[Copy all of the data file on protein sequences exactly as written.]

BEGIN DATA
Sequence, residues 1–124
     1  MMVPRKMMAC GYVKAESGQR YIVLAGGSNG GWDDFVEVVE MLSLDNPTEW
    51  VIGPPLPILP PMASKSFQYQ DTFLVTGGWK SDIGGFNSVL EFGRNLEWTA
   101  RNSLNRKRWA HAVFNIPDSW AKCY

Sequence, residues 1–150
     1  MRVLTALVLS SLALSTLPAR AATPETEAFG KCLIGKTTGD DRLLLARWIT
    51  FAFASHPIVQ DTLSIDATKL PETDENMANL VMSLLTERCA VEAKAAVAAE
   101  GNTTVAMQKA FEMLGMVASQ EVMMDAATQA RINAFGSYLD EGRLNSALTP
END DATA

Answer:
Sequence, residues 1–124
     1  MMVPRKMMAC GYVKAESGQR YIVLAGGSNG GWDDFVEVVE MLSLDNPTEW
    51  VIGPPLPILP PMASKSFQYQ DTFLVTGGWK SDIGGFNSVL EFGRNLEWTA
   101  RNSLNRKRWA HAVFNIPDSW AKCY

Sequence, residues 1–150
     1  MRVLTALVLS SLALSTLPAR AATPETEAFG KCLIGKTTGD DRLLLARWIT
    51  FAFASHPIVQ DTLSIDATKL PETDENMANL VMSLLTERCA VEAKAAVAAE
   101  GNTTVAMQKA FEMLGMVASQ EVMMDAATQA RINAFGSYLD EGRLNSALTP